VOD film review: Chasing Asylum
Anger and heartbreak8.5
Importance and topicality9
Direction and editing8
Matthew Turner | On 20, Jun 2017Reading time: 3 mins
Director: Eva Orner
Cast: Nicole Judge, Mark Isaacs, Martin Appleby, Michael Bachelard, David Manne
Watch Chasing Asylum online in the UK: iTunes / Prime Video (Buy/Rent) / Rakuten TV / YouTube
Directed by Eva Orner (one of the producers on Alex Gibney’s Taxi to the Dark Side), this powerful and timely documentary exposes Australia’s shocking treatment of asylum seekers. Heart-breaking and rage-inducing in equal measure, it’s an important film that demands to be seen.
Orner opens the film with a concise summary of Australia’s immigration policies over the last 15 years, noting that governments have become increasingly hard-line on the issue, with campaigns featuring slogans like “Stop the Boats”. The tough-on-immigration stance, endorsed by all parties, led directly to the 2013 announcement that all asylum seekers arriving by boat would be housed offshore indefinitely and never be permitted to resettle in Australia.
To that end, the Australian government established official refugee camps on the islands of Nauru and Manus in Papua New Guinea, which it promptly filled with asylum-seekers, effectively dumping them there and forgetting about them, apparently in the hopes that the camps’ atrocious living conditions would force many of the refugees to seek asylum elsewhere.
Orner was prompted to make the film, after the deaths and subsequent riots that took place on the island of Nauru in 2014. Unsurprisingly, no journalists are permitted to visit the camps, but that hasn’t stopped Orner from obtaining a wealth of covertly-filmed footage, including testimonials from refugees and revealing clips of riots, with security personnel apparently relishing the idea of being able to shoot people.
The videos give a clear idea of the appalling living conditions on the islands, such as the use of huge, hot tin sheds to house people in already sweltering, squalid environments. This is intercut with talking head interviews with former guards, support workers and volunteers, as well as contributions from human rights lawyer David Manne and journalists David Marr and Michael Bachelard.
The appalling living conditions alone would be scandalous enough, but the relentless catalogue of abuse (including physical and sexual) and wilful neglect is utterly shameful. The sheer level of incompetence, in particular, is mind-boggling – support worker Mark Isaacs reveals that unskilled university students and seniors were hired as staff on Nauru and offered no training, other than an instruction to “go and help and be their friends”. As one shell-shocked volunteer explains, this effectively amounted to “asking them not to kill themselves”, as many refugees were distraught and suicidal.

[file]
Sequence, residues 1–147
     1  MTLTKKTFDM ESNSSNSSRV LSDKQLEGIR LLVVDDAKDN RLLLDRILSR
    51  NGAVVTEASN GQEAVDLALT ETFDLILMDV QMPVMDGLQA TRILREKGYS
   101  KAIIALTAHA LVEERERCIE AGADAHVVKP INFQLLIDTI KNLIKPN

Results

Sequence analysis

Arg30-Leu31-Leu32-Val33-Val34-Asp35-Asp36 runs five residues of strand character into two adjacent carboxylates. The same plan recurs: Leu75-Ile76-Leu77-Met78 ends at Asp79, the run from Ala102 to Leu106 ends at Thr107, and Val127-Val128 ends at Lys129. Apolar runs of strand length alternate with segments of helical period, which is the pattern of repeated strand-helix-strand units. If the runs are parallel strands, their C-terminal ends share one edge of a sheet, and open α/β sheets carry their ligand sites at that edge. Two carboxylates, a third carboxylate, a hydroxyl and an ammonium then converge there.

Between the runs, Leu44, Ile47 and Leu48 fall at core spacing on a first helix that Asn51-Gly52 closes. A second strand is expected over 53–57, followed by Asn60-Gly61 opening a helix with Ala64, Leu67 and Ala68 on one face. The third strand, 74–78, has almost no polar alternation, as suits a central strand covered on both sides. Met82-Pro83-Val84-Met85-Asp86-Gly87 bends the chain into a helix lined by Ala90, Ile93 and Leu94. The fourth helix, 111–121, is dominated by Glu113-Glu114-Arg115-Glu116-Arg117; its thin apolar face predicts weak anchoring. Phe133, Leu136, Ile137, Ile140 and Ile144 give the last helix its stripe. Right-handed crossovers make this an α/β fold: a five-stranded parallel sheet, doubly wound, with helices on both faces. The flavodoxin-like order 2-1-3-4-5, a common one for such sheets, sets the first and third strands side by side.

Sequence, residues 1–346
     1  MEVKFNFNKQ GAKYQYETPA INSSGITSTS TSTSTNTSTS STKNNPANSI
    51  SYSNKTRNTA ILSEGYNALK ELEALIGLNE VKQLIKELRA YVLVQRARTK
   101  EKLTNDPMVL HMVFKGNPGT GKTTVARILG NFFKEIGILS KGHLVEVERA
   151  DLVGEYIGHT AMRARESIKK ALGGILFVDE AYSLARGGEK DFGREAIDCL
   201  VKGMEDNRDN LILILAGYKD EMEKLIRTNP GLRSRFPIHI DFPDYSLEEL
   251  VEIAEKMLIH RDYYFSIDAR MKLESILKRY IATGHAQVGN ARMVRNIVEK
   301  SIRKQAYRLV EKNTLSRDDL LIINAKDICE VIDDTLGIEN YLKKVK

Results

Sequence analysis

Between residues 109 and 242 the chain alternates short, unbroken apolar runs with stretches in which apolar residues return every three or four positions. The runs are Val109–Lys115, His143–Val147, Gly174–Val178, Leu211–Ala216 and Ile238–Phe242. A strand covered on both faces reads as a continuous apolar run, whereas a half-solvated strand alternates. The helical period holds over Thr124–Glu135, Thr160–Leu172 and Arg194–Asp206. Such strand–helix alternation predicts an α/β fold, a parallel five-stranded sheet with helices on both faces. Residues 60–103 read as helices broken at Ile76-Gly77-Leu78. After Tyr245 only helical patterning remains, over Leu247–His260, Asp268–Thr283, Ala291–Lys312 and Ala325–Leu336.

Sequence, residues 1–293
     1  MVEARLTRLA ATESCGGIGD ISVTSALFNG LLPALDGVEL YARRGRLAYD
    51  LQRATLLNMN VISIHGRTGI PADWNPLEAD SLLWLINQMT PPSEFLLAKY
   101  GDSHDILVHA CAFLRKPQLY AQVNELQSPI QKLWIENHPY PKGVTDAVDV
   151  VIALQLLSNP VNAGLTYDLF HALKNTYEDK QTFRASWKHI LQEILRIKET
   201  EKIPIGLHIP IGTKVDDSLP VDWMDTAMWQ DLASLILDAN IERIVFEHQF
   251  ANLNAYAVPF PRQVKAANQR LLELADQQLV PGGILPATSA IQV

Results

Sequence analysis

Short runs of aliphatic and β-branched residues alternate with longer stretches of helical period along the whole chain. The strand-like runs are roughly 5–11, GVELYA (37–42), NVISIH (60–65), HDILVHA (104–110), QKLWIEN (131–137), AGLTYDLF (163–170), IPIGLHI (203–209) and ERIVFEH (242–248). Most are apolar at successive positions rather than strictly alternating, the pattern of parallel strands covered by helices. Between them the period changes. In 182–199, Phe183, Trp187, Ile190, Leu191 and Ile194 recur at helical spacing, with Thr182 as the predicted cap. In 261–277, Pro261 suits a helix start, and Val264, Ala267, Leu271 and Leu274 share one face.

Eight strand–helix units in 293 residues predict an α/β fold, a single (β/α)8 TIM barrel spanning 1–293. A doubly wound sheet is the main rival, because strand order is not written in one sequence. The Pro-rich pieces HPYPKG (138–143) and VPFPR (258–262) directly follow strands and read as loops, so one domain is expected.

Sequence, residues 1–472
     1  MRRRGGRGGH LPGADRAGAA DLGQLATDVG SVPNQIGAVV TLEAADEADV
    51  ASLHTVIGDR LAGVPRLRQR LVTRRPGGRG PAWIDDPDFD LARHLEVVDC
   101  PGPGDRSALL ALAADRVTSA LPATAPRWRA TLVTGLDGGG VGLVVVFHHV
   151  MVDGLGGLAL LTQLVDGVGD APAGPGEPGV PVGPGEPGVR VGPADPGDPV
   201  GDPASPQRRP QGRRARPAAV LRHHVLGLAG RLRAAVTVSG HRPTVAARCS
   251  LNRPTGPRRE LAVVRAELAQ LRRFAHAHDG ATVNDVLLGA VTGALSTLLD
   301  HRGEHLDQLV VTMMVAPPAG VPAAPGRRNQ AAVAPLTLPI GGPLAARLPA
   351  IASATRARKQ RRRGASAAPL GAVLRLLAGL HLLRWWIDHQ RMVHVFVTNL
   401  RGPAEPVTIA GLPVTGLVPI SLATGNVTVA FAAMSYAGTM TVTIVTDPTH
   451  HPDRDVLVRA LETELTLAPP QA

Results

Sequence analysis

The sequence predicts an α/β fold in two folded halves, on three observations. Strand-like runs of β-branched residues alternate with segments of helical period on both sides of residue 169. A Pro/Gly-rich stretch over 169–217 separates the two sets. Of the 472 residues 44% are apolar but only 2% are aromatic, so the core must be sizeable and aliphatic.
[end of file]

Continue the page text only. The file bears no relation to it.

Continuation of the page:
The sense of outrage and heartbreak is further compounded by Orner’s footage of refugees explaining their reasons for leaving their homelands in the first place, and their utter despair and being placed in a permanent limbo, with no way back and no hope of being housed anywhere else. That level of desperation is evident in the horrific list of events witnessed by the volunteers, who recall detainees starving themselves, burning themselves, cutting themselves and stitching their lips and eyelids shut.
Alongside the devastating testimonials, Orner captures a wealth of telling detail, such as a simple line of graffiti – “Kill us” or “Welcome to coffin” – scrawled above a wall of payphones, or hastily-filmed shots that suddenly bring home the scale of the operation on the islands.
Impressively directed and skilfully edited, this is an immensely powerful documentary that presents an urgent and timely argument for compassion in the way governments deal with refugees.